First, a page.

I’m looking through you, You’re not the same.
A fun retelling/revisiting the legend of The Rutles and their trousers.
THE RUTLES 2: CAN’T BUY ME LUNCH is pieced together from outtakes of THE RUTLES (1978) and new talking head footage compiled by Eric Idle. And it shows. Playing his same Interviewer character from the previous film 26 years ago, a lot of the sheen is missing from this rehashing of old jokes and new jokes that are simply old jokes in different trousers. And because we only see “old footage” of the actual band The Rutles (i.e. footage from the first film) – and are not graced with new interviews from them – this sequel mockumentary lacks the vitality of the original.
Not only does it seem unpolished, its focus seems skewed – more to do with how many big stars Eric Idle can pull favors with rather than examining – as Interviewer tells us – the effect that the Pre-Fab Four, Dirk, Nasty, Stig and Barry, had on the world. Matter of fact, it is quite obvious Nasty (Neil Innes), Stig (Ricky Fataar) and Barry (John Halsey) were not even asked to be involved with this outing. (Dirk was played by Eric, but that character is not resurrected for this film.)
In this straight-to-DVD release, Interviewer examines Rutlemania in retrospect, so intercuts quick snippets of The Rutles (mostly B-roll from THE RUTLES) with a galaxyload of power players to impress us with how seriously they can act like this is real.
Talking heads include: Conan O’Brien, Billy Connolly, Bonnie Raitt, Tom Hanks, Robin Williams as a German character, Steve Martin actually being funny, Garry Shandling, Carrie Fisher, Jann Wenner, Clint Black, Jimmy Fallon as a rival interviewer, David Bowie in fine comedic form, Catherine O’Hara as the fashionista who designed their trousers, Graham Nash, Mike Nichols, James Taylor, Salman Rushdie…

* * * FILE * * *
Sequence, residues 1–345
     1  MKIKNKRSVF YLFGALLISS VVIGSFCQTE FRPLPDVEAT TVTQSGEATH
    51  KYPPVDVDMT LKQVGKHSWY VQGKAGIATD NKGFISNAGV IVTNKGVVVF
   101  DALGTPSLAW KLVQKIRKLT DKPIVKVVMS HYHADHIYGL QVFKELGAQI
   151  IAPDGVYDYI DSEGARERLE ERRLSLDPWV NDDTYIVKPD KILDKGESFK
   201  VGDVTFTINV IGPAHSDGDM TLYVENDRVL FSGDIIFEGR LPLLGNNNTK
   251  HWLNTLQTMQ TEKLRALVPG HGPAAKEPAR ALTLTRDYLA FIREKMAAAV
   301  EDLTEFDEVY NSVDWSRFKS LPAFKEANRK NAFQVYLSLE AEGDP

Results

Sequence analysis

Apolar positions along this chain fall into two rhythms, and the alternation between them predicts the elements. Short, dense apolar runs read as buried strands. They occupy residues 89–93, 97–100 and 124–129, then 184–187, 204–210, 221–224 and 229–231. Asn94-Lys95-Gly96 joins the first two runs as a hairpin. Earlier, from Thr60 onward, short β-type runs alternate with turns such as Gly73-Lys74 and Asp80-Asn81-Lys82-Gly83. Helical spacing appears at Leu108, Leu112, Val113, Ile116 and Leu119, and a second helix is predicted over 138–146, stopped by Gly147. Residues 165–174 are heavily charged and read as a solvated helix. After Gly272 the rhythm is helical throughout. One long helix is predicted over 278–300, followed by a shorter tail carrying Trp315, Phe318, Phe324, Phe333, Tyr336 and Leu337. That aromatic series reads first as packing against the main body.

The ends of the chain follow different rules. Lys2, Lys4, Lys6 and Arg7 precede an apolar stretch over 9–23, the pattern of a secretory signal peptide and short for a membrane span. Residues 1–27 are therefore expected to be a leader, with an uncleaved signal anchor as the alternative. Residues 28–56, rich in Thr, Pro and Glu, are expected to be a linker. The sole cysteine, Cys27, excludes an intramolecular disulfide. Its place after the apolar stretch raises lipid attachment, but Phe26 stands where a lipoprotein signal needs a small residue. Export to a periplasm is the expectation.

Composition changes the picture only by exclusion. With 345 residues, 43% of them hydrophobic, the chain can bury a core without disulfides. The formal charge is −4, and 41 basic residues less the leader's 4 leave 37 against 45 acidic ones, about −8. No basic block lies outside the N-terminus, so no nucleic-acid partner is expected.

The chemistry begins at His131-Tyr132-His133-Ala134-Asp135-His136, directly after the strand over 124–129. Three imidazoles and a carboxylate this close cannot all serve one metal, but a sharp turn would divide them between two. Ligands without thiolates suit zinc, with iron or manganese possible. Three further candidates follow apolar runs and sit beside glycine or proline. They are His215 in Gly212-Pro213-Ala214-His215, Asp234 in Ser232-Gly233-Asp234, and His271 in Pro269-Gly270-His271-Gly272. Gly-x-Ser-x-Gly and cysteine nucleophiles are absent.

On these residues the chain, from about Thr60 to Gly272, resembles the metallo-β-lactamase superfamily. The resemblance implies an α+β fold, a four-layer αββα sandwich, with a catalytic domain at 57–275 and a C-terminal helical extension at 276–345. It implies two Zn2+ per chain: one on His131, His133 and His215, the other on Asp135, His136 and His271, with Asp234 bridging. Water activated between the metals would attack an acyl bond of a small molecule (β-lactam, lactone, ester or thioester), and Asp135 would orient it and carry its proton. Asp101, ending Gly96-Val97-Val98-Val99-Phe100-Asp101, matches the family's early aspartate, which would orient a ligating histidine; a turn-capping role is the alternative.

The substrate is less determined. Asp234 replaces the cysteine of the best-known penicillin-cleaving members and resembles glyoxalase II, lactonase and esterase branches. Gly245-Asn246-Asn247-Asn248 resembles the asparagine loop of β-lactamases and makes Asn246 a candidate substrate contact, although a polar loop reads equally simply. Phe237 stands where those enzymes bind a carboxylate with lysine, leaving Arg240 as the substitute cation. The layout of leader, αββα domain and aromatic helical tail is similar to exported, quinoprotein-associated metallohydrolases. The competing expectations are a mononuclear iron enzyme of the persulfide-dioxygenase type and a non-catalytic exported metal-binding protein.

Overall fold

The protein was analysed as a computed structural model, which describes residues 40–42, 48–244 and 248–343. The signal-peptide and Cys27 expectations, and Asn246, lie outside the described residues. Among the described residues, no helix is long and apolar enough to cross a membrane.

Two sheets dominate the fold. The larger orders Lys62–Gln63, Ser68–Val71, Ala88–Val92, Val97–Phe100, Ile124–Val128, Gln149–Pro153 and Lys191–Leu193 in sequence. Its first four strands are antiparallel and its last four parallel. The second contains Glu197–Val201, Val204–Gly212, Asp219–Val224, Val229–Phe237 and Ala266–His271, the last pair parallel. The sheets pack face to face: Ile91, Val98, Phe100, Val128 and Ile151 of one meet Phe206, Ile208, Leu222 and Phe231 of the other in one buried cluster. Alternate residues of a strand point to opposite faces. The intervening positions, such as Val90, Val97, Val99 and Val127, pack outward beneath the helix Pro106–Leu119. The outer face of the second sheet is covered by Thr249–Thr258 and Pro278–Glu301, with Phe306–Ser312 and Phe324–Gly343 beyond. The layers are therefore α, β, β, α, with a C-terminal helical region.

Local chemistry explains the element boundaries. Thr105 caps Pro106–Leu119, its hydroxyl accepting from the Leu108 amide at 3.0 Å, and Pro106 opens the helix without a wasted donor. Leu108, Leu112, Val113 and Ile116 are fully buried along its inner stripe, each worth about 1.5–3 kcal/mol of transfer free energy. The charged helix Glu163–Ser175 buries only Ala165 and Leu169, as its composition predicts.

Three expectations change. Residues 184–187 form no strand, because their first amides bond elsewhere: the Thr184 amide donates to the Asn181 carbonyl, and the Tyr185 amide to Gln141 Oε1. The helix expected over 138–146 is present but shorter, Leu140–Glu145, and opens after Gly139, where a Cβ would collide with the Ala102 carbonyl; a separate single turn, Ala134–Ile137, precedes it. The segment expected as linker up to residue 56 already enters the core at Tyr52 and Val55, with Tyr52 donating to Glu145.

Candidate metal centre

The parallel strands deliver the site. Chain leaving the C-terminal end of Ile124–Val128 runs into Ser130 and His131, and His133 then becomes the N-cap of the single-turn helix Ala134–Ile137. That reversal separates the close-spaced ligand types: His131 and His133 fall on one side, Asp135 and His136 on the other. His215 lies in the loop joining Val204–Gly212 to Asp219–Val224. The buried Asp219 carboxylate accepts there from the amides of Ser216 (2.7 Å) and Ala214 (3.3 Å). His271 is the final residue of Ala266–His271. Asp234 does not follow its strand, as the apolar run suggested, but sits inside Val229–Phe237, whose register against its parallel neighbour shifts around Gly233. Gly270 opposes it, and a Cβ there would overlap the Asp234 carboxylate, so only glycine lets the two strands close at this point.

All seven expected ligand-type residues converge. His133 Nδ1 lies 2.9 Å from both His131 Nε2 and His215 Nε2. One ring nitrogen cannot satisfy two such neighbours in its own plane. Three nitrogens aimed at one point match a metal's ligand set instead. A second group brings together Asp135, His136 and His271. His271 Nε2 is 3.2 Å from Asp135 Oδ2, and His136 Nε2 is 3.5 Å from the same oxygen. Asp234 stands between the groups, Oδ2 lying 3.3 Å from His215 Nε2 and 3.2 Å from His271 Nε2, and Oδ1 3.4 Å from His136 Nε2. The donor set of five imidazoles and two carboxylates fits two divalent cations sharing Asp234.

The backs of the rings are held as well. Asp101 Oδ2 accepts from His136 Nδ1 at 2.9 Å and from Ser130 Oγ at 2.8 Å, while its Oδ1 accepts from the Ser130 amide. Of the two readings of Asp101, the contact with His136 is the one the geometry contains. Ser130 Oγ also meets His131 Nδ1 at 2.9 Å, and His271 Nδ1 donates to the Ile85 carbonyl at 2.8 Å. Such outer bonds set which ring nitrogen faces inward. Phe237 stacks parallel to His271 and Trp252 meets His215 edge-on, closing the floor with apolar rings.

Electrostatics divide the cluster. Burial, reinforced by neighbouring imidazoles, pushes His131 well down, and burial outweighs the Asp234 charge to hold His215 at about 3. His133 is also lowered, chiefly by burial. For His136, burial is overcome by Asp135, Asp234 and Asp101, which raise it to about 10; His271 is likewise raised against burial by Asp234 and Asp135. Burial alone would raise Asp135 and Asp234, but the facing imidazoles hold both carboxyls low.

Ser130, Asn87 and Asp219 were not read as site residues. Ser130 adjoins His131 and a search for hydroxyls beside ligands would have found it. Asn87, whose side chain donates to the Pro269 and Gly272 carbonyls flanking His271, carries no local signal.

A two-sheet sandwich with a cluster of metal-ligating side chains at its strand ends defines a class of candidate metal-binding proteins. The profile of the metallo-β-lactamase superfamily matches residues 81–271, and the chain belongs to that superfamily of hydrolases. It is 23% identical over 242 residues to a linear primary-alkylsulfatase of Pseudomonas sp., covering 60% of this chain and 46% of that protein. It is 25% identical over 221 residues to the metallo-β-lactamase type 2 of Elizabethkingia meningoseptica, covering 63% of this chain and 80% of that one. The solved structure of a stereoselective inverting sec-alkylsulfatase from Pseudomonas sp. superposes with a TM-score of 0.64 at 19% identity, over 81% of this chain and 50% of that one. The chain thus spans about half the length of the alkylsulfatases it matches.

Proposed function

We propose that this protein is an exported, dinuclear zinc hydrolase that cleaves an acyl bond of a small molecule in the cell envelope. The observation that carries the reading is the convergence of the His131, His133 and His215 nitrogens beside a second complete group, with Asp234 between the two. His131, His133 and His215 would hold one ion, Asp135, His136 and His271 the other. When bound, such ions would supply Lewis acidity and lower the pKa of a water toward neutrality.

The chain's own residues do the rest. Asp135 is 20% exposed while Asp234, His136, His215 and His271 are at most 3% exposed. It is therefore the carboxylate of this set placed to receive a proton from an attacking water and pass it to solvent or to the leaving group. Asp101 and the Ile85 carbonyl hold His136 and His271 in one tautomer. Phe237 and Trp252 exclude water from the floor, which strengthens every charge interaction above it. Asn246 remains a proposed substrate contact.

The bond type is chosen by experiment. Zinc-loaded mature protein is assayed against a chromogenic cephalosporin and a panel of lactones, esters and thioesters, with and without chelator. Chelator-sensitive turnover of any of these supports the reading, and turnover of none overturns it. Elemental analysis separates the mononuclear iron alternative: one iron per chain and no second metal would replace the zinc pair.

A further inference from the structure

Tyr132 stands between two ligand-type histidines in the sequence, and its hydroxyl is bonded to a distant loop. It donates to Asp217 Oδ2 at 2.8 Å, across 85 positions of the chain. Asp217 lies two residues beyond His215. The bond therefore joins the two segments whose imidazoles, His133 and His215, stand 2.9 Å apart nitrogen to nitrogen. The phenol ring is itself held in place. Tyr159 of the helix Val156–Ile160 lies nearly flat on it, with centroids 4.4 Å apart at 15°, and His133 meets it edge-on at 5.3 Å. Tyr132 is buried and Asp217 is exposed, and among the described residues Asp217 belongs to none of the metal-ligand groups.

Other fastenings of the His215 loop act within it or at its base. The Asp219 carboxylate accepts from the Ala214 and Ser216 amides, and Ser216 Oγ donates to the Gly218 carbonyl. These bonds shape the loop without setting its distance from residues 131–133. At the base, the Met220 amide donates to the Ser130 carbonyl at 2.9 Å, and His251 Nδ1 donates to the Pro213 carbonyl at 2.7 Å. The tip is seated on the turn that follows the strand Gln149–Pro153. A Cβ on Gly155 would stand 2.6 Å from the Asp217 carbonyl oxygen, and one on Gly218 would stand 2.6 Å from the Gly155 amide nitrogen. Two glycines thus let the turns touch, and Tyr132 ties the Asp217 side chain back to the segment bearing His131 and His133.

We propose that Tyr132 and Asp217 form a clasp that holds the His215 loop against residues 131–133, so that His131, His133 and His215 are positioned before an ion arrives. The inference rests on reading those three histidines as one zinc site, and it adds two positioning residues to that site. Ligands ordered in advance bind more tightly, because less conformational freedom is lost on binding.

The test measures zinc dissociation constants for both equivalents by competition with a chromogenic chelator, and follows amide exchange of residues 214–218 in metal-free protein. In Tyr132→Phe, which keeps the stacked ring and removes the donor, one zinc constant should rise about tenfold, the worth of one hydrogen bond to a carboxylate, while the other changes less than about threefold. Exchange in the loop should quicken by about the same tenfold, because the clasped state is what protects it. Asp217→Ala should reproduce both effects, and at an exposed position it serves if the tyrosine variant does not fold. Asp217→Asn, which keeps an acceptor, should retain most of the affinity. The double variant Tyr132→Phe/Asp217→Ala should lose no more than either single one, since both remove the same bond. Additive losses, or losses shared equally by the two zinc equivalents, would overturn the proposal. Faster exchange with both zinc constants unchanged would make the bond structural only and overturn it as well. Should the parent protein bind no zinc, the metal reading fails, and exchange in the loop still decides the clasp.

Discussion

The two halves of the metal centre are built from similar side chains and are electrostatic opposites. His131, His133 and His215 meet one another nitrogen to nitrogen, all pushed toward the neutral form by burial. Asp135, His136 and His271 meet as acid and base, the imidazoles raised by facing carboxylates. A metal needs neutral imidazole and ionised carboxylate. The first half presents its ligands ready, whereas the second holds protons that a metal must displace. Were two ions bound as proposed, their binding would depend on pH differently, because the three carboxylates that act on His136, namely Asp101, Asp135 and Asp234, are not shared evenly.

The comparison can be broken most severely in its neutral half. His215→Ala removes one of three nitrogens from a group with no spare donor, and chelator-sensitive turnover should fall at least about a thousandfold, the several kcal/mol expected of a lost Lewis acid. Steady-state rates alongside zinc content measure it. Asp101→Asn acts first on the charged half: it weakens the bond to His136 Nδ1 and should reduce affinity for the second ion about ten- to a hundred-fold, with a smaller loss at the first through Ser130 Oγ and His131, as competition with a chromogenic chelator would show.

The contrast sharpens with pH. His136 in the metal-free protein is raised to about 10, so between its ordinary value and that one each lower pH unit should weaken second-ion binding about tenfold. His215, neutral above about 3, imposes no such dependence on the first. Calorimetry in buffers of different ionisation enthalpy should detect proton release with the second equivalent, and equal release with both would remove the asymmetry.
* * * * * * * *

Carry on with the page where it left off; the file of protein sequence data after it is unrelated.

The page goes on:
We see snippets of the old classic Rutles songs (I Must Be In Love, Number One, With A Girl Like You), plus hear a plethora of “new” songs; i.e. songs that were recorded at the time of the original RUTLES, but omitted from that film because they were not quite as recognizable or catchy as the ones included. Why they were omitted speaks for itself upon hearing them. And the individual band members’ histories are slightly rewritten, I presume for the sake of not repeating old jokes. Which are repeated anyway.
I wouldn’t call this project cynical or avaricious or even egotistical on Eric’s part. (Uhh, does that mean I just called it all that?) I just think Idle had more ideas lying around for THE RUTLES than he knew what to do with; he probably took into account how many favors he could pull as a Python, and presto! – a DVD release that might make some bank in the wake of the actual Beatles Anthology (released on DVD in 2003, first broadcast 1995).
I’m not gonna get the knives (or the dirty forks) out for this film – it’s fun, and there are definitely a few laughs, tempered of course by the fact that it might be cynical, avaricious and egotistical.